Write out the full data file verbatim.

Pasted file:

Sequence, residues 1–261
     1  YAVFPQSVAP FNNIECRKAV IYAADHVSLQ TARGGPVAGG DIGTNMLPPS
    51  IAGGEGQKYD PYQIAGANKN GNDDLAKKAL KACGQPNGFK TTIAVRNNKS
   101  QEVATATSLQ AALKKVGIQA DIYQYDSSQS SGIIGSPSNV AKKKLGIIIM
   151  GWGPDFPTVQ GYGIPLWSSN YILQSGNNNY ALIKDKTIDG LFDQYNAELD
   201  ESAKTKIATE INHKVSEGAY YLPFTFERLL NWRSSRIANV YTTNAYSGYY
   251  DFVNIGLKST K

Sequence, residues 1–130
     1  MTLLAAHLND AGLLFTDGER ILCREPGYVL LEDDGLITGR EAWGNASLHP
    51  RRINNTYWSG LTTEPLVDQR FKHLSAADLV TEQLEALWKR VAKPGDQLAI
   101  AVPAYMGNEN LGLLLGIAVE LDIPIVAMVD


Sequence, residues 1–261
     1  YAVFPQSVAP FNNIECRKAV IYAADHVSLQ TARGGPVAGG DIGTNMLPPS
    51  IAGGEGQKYD PYQIAGANKN GNDDLAKKAL KACGQPNGFK TTIAVRNNKS
   101  QEVATATSLQ AALKKVGIQA DIYQYDSSQS SGIIGSPSNV AKKKLGIIIM
   151  GWGPDFPTVQ GYGIPLWSSN YILQSGNNNY ALIKDKTIDG LFDQYNAELD
   201  ESAKTKIATE INHKVSEGAY YLPFTFERLL NWRSSRIANV YTTNAYSGYY
   251  DFVNIGLKST K

Sequence, residues 1–130
     1  MTLLAAHLND AGLLFTDGER ILCREPGYVL LEDDGLITGR EAWGNASLHP
    51  RRINNTYWSG LTTEPLVDQR FKHLSAADLV TEQLEALWKR VAKPGDQLAI
   101  AVPAYMGNEN LGLLLGIAVE LDIPIVAMVD